The Abe push behind the Australian sub deal

Australia's Defence Minister David Johnston and Foreign Minister Julie Bishop pose for photos with Japan's Prime Minister Shinzo Abe in Tokyo, 11 June 2014. Japan and Australia are considering a submarine deal, as Abe pushes to give his country a more assertive global military role. (Photo: AAP).

Author: Aurelia George Mulgan, UNSW Canberra

In July 2014, the Abe government adopted the ‘Three Principles on Transfer of Defense Equipment and Technology’, which approved Japanese weapons exports as long as certain conditions are met. Read more…

How will Japan’s new agriculture minister influence the TPP negotiations?

Author: Aurelia George Mulgan, UNSW, Canberra

Japan’s new Minister of Agriculture, Forestry and Fisheries (MAFF) Yoshimasa Hayashi, who previously served in the position in 2012–14, was a logical choice to take over from his disgraced predecessor Koya Nishikawa. He arrived at the Prime Minister’s Office (Kantei) only five minutes after Nishikawa left, and was apparently selected because he was ‘the only one that could immediately do the job’. Read more…

What the TPP portends for Japan–Australia agricultural trade

Akira Amari, Japan's minister in charge of the Trans-Pacific Partnership trade negotiations, attends a meeting of trade chiefs from 12 countries involved in the negotiations in Sydney on 25 October 2014. (Photo: AAP).

Author: Aurelia George Mulgan, UNSW Canberra

Australia’s farmers, particularly beef producers, may have celebrated too early when the Japan–Australia Economic Partnership Agreement (JAEPA) took effect on 15 January 2015. The deal may be gazumped by another that is taking shape between Japan and the United States in the Trans-Pacific Partnership (TPP) negotiations. Read more…

After Japan’s status quo election, where will opposition come from?

Following a landslide victory, Japanese Prime Minister Shinzo Abe speaks as President of the ruling Liberal Democratic Party during a news conference in Tokyo, Japan, 15 December 2014. (Photo: AAP).

Author: Aurelia George Mulgan, UNSW

The 2014 Japanese election result was no more or less than a victory for the political status quo. All it did was reaffirm the Liberal Democratic Party’s (LDP) predominance and the opposition parties’ collective weakness. Read more…

An election manifesto for the status quo on Japanese agriculture

Japanese Prime Minister and ruling Liberal Democratic Party (LDP) leader Shinzo Abe shakes hands with opposition Democratic Party of Japan (DPJ) leader Banri Kaieda and Japan Innovation Party co-leader Kenji Eda after a political debate for the upcoming lower house election in Tokyo, to be held on 14 December. (Photo: AAP).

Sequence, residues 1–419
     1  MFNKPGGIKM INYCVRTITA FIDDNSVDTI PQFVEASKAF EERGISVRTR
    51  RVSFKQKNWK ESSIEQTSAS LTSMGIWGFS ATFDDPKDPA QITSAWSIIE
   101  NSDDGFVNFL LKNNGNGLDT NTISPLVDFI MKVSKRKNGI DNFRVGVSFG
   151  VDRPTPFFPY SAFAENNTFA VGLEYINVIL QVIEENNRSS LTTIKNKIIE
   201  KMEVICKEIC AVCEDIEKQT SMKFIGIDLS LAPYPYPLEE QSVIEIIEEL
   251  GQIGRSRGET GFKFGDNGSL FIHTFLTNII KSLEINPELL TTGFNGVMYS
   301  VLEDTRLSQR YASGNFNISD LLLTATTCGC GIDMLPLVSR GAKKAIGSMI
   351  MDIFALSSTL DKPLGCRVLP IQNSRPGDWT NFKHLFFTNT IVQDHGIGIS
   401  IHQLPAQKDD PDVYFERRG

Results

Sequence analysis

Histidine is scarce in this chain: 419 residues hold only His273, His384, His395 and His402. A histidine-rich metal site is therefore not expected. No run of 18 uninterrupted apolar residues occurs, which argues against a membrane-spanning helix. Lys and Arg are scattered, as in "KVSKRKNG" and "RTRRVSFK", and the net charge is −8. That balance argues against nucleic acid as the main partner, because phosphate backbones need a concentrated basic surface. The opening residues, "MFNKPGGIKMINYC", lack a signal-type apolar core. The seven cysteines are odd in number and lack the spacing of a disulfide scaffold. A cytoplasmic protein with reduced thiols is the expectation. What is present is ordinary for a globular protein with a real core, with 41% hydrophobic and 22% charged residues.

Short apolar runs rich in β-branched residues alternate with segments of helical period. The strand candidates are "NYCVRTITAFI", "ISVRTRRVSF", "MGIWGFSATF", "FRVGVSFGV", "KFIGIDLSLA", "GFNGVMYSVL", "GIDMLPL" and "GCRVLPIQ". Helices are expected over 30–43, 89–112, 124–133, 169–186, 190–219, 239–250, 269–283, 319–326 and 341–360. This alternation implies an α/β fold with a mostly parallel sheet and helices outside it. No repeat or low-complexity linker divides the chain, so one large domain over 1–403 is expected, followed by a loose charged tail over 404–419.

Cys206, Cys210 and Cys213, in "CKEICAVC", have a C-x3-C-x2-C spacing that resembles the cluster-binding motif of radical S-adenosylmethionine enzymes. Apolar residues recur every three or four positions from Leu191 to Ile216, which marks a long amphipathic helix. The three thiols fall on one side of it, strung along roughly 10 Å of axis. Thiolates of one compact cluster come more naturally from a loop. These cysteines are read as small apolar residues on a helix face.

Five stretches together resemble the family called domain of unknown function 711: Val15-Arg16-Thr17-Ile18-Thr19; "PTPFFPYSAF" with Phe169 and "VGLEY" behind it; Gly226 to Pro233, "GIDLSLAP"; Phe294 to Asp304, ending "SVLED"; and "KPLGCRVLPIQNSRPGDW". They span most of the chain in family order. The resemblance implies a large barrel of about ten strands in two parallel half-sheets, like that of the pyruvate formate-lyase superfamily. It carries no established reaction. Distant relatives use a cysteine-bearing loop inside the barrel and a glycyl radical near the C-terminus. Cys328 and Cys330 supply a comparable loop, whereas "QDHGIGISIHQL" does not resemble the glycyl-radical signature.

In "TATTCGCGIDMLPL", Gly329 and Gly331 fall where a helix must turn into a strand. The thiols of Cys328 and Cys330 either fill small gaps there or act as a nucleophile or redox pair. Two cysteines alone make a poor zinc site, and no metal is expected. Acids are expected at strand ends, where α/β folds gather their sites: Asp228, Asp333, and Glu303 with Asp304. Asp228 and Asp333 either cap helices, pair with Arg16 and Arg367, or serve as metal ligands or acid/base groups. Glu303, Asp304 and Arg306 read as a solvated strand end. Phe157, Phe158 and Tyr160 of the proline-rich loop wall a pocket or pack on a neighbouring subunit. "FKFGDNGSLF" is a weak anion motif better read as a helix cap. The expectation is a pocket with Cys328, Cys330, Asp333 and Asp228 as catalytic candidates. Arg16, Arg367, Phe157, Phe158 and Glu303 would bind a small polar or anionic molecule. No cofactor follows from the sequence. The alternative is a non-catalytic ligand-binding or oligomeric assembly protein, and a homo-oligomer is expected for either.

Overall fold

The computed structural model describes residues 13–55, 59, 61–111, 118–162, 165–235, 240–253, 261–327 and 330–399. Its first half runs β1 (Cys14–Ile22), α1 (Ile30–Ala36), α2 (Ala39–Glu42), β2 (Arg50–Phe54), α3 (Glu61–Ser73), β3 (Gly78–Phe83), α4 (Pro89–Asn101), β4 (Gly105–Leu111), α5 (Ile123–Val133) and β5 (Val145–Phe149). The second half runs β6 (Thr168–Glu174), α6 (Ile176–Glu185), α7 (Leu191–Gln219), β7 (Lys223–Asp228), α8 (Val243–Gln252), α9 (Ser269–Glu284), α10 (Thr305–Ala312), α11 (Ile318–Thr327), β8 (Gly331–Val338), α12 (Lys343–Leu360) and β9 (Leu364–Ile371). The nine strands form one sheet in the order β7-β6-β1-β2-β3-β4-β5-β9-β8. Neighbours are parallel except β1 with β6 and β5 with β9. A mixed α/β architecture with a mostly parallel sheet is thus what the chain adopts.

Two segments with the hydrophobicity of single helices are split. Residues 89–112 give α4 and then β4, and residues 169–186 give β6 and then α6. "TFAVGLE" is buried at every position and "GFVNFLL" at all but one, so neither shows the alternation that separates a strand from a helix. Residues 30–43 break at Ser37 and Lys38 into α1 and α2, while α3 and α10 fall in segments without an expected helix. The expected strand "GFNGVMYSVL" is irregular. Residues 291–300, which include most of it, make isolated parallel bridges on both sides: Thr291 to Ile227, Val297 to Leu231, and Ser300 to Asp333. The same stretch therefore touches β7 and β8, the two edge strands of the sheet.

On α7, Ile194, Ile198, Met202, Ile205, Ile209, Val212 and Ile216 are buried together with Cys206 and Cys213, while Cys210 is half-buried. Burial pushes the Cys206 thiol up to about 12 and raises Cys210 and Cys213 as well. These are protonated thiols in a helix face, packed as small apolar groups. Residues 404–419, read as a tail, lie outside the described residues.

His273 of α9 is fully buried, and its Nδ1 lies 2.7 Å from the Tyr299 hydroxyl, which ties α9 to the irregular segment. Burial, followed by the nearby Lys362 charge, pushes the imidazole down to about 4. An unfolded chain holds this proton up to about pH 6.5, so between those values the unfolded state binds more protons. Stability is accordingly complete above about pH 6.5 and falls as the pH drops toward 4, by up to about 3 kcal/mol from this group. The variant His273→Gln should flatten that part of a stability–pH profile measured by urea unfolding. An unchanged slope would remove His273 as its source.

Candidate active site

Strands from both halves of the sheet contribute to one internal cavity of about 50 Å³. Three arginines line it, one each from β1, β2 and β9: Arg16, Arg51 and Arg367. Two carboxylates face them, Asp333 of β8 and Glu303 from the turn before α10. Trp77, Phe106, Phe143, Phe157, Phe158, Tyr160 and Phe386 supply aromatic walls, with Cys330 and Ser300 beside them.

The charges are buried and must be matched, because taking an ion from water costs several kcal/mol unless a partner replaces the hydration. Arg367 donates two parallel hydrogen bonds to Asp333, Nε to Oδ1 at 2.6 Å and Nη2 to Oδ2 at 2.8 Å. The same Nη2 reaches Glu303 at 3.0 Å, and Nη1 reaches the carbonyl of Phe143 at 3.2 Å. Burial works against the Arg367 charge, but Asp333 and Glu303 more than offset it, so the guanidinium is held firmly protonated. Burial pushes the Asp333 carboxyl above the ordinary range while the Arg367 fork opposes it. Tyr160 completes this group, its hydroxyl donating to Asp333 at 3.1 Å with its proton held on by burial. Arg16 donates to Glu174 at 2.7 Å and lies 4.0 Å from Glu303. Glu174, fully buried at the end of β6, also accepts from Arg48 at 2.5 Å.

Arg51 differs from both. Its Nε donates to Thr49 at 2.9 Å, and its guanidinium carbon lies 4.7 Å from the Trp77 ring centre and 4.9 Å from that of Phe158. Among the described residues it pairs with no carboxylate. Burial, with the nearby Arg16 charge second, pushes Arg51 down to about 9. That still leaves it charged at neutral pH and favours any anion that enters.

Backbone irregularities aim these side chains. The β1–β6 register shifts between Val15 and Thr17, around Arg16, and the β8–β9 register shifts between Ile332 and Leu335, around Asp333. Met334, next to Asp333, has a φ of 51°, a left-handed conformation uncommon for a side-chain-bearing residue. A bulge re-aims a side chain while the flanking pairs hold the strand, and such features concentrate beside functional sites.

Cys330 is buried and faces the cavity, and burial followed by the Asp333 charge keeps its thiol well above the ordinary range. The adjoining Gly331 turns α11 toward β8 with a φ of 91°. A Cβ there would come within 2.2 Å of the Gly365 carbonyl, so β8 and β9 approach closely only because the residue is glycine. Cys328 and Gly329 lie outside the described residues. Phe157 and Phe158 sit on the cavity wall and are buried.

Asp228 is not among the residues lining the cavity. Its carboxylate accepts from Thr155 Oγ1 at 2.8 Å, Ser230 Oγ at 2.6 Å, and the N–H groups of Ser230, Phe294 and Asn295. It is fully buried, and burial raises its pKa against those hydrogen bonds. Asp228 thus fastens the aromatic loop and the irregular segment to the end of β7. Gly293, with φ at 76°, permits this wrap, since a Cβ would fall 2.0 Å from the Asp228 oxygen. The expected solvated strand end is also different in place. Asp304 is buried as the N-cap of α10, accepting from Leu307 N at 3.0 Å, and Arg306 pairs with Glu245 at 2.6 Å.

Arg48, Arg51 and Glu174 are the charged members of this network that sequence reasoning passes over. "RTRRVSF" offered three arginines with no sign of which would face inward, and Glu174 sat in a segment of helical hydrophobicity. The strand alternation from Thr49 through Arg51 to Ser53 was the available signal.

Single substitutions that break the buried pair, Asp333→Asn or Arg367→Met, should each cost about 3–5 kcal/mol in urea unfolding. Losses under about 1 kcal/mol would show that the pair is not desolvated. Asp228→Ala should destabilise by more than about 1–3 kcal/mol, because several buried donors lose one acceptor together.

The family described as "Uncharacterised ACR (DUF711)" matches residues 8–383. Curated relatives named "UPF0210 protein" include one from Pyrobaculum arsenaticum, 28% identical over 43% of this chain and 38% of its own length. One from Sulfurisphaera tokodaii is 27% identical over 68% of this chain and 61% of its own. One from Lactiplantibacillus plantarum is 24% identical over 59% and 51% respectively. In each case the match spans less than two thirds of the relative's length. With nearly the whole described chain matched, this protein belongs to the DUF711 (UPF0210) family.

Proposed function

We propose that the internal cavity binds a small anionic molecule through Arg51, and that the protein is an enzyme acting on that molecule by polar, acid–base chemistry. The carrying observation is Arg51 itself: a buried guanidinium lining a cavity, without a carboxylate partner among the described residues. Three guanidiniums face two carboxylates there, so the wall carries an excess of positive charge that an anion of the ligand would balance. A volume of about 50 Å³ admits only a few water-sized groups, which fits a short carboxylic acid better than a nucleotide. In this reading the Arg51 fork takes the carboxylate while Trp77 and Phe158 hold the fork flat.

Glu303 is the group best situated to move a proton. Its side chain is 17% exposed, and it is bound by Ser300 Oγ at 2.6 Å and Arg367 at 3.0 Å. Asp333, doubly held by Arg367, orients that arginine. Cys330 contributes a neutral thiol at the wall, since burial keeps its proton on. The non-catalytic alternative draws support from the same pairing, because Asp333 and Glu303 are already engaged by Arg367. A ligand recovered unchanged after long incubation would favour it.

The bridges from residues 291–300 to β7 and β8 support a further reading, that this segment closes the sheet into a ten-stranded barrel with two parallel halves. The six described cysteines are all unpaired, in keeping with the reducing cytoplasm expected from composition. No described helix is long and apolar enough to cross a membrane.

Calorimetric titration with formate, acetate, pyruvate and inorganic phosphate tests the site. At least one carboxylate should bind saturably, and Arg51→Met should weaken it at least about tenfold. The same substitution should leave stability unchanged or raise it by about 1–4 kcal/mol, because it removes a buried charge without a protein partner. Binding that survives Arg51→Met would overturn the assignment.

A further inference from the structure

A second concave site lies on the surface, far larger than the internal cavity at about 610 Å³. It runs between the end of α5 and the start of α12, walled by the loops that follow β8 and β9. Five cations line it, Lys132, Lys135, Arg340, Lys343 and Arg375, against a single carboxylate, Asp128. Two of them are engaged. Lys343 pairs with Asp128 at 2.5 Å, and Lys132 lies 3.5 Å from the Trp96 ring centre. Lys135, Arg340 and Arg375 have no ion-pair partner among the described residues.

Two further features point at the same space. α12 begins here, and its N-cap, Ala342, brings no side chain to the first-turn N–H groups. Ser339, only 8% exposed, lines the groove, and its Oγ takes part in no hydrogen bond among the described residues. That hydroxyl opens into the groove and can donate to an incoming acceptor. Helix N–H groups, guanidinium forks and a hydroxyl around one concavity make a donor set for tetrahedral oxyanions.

Author: Aurelia George Mulgan, UNSW

Only one party contesting this week’s Japanese election is advocating agricultural reform and it is not the LDP.

The party in question is the Japan Innovation Party (JIP). Its manifesto contains a series of measures that amount to a textbook prescription for agricultural reform. Read more…

Japan’s unnecessary election

Japan's Prime Minister Shinzo Abe speaks during a press conference at his official residence in Tokyo, 18 November 2014. Abe called a snap election for December and put off a sales tax hike planned for next year until 2017. (Photo: AAP).

Author: Aurelia George Mulgan, UNSW Canberra

Prime Minister Abe is subjecting his ruling coalition — and his nation — to an unnecessary election on 14 December 2014. Abe claims his decision is all about policy, but in reality it is all about politics. His stated rationale for calling the election is the need to secure voters’ endorsement of his administration’s decision to postpone the consumption tax rise to 10 per cent until April 2017. But his real reasons are based on cold calculations of political self-interest. Read more…

Can Nishikawa resolve Japan’s TPP agricultural impasse?

Newly appointed Minister of Agriculture, Forestry and Fisheries Koya Nishikawa speaks during a press conference at the official residence of the Japanese prime minister in Tokyo, 3 September 2014. (Photo: AAP)

Author: Aurelia George Mulgan, UNSW Canberra

Japanese Prime Minister Shinzo Abe’s appointment of Koya Nishikawa as the new Minister of Agriculture, Forestry and Fisheries (MAFF) is a big plus for the Trans-Pacific Partnership (TPP). Nishikawa is an executive of the so-called ‘agricultural tribe’ (norin zoku) in the ruling Liberal Democratic Party (LDP). Read more…